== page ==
Poetry Dispatch No. 4 | September 5, 2005
Jack Kerouac’s novel ON THE ROAD came out on this day in 1957, the story of Sal Paradise and Dean Moriarty roaring across America—the book that defined the Beat Generation. In the opening pages, Kerouac wrote: “I’d been poring over maps of the United States for months, even reading books about the pioneers and savoring names like Platte and Cimarron and so on, and on the road-map was one long red line called Route 6 that led from the tip of Cape Cod clear to Ely, Nevada, and there dipped down to Los Angeles. I’ll just stay on 6 all the way to Ely, I said to myself, and confidently started.” The book got good reviews: The September 5 New York Times review called it “the most beautifully executed utterance yet made by the generation Kerouac himself named years ago as ‘beat’.” (from: Writer’s Almanac)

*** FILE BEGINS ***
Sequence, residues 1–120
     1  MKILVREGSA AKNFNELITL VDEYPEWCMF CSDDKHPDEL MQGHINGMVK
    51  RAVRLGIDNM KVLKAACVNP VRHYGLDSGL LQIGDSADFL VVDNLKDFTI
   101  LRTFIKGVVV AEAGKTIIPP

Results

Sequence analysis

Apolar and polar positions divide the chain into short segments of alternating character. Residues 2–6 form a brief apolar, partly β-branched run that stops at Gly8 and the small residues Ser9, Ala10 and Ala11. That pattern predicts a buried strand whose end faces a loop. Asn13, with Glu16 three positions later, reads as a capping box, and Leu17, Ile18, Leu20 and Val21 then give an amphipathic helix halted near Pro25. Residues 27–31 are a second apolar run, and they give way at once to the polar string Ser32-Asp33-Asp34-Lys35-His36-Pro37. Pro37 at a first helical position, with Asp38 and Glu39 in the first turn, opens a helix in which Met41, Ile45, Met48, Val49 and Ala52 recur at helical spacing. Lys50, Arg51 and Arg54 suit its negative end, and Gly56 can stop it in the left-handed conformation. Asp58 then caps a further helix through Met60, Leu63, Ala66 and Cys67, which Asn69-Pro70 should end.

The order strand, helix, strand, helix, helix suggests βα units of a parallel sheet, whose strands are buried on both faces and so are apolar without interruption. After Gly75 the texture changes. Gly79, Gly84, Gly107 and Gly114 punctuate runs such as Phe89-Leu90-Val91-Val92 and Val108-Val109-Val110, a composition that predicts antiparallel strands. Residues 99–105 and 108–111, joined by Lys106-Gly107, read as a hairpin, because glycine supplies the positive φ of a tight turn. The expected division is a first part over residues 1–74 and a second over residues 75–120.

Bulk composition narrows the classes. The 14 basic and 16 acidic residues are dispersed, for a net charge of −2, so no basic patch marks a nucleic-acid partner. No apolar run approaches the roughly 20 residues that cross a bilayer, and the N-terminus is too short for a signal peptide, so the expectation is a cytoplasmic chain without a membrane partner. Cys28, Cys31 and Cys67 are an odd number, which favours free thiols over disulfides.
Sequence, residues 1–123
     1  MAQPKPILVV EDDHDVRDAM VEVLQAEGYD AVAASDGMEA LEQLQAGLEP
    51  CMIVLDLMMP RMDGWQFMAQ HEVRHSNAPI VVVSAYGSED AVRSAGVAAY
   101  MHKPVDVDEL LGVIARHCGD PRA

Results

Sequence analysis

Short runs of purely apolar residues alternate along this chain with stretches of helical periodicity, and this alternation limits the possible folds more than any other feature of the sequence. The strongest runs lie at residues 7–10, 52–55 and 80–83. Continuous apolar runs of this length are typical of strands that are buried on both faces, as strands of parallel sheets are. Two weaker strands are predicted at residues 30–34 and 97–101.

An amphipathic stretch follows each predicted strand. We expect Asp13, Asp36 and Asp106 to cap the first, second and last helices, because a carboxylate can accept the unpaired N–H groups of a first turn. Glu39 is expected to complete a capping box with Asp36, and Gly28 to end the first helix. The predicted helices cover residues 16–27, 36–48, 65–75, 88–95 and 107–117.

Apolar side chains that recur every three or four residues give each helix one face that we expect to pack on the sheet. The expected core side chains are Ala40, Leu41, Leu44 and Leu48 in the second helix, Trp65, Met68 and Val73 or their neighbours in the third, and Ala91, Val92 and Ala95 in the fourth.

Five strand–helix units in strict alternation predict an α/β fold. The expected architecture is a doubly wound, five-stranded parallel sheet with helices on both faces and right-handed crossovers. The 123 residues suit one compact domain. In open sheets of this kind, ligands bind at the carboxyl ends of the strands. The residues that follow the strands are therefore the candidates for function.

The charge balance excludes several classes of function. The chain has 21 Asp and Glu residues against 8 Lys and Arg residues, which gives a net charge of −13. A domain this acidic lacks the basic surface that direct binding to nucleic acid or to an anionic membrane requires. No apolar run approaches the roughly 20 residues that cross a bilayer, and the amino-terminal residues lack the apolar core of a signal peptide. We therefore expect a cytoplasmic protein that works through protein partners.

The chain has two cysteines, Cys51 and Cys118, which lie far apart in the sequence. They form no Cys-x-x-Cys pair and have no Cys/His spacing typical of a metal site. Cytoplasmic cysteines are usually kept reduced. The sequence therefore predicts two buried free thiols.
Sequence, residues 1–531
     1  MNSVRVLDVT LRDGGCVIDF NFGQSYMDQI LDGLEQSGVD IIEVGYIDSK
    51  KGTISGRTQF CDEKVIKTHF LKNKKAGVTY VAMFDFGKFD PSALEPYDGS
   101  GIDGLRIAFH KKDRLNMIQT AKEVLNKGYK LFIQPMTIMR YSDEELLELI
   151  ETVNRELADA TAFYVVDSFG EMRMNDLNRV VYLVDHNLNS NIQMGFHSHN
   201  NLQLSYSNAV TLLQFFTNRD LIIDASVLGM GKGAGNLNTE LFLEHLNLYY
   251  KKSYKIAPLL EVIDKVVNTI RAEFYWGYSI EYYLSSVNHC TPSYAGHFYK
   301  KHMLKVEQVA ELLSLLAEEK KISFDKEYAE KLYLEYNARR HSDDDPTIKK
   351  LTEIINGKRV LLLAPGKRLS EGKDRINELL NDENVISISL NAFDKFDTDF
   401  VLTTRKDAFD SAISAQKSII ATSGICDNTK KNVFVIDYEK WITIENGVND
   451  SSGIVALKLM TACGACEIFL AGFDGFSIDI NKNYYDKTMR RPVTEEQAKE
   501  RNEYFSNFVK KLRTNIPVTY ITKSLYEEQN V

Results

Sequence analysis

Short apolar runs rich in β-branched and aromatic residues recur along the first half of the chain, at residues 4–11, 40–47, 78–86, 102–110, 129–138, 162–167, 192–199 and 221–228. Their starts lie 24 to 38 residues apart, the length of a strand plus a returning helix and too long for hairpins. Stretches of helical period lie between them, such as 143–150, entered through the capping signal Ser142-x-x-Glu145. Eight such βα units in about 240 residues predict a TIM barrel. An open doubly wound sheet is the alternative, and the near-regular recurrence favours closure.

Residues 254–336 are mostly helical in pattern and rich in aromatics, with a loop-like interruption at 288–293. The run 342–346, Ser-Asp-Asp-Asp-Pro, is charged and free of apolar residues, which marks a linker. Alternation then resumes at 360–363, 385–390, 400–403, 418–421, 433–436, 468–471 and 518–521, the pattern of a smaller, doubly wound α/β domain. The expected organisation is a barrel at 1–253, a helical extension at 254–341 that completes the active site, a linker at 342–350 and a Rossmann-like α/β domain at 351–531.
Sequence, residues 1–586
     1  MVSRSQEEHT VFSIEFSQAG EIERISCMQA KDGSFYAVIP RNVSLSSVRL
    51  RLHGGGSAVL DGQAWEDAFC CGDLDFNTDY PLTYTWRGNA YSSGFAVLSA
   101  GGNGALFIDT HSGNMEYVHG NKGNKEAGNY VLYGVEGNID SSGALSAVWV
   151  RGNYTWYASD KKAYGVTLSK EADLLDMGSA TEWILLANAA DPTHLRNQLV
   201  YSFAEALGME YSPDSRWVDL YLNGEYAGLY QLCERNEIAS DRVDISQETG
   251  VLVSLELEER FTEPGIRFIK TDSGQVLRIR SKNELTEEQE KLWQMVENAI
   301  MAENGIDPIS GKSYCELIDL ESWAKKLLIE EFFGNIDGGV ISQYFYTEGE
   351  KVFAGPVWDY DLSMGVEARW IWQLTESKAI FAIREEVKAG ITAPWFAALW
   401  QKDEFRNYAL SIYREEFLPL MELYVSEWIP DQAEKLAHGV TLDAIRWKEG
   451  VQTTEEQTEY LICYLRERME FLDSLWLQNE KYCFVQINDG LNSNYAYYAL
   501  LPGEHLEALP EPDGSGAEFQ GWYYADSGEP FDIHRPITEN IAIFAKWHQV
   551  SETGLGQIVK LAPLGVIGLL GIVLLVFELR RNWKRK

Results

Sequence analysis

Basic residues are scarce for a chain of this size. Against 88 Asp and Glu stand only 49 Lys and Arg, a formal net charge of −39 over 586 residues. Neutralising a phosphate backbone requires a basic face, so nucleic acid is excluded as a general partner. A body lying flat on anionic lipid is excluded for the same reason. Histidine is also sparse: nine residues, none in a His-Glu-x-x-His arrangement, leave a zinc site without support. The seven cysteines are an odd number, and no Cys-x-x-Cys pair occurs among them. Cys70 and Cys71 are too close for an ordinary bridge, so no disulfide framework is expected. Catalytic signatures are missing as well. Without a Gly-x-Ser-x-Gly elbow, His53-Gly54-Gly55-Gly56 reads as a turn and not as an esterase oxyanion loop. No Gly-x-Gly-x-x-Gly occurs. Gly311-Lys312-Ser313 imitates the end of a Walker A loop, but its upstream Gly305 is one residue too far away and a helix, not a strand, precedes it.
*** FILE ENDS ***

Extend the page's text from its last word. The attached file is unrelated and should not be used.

1. Scribble secret notebooks and wild type-written pages for the joy of it.
2. Be submissive to everything, open, listening.
3. Be in love with your life.
4. Something you feel will find its own form.
5. Try never to get drunk outside of your own home.
6. Blow as deep as you want to blow.
7. No time for poetry, but exactly what is.
8. Accept loss forever. (That’s a big one.)
9. No fear of shame in the dignity of your experience, language
10. Compose wild, undisciplined, pure, crazier the better, coming from the
11. You’re a genius all the time.